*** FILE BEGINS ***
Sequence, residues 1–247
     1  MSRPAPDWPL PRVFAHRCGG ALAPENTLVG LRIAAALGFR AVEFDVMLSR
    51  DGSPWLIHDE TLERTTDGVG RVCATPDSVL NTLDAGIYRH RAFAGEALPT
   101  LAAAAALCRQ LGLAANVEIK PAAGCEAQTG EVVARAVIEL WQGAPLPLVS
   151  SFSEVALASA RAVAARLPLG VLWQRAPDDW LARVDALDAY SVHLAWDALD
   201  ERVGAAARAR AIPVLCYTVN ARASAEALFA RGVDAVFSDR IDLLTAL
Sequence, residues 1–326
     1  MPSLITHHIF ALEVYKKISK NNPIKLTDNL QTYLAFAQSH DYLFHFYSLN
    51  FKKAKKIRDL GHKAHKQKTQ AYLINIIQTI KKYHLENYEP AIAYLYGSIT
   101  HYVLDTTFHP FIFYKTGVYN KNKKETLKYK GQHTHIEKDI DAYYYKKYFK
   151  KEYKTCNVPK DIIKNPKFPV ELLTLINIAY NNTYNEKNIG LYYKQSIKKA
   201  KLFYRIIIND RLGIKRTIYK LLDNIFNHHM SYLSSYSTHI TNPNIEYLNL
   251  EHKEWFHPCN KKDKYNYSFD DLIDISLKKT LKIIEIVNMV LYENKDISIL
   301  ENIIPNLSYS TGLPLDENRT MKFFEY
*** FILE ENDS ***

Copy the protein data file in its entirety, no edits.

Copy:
Sequence, residues 1–247
     1  MSRPAPDWPL PRVFAHRCGG ALAPENTLVG LRIAAALGFR AVEFDVMLSR
    51  DGSPWLIHDE TLERTTDGVG RVCATPDSVL NTLDAGIYRH RAFAGEALPT
   101  LAAAAALCRQ LGLAANVEIK PAAGCEAQTG EVVARAVIEL WQGAPLPLVS
   151  SFSEVALASA RAVAARLPLG VLWQRAPDDW LARVDALDAY SVHLAWDALD
   201  ERVGAAARAR AIPVLCYTVN ARASAEALFA RGVDAVFSDR IDLLTAL
Sequence, residues 1–326
     1  MPSLITHHIF ALEVYKKISK NNPIKLTDNL QTYLAFAQSH DYLFHFYSLN
    51  FKKAKKIRDL GHKAHKQKTQ AYLINIIQTI KKYHLENYEP AIAYLYGSIT
   101  HYVLDTTFHP FIFYKTGVYN KNKKETLKYK GQHTHIEKDI DAYYYKKYFK
   151  KEYKTCNVPK DIIKNPKFPV ELLTLINIAY NNTYNEKNIG LYYKQSIKKA
   201  KLFYRIIIND RLGIKRTIYK LLDNIFNHHM SYLSSYSTHI TNPNIEYLNL
   251  EHKEWFHPCN KKDKYNYSFD DLIDISLKKT LKIIEIVNMV LYENKDISIL
   301  ENIIPNLSYS TGLPLDENRT MKFFEY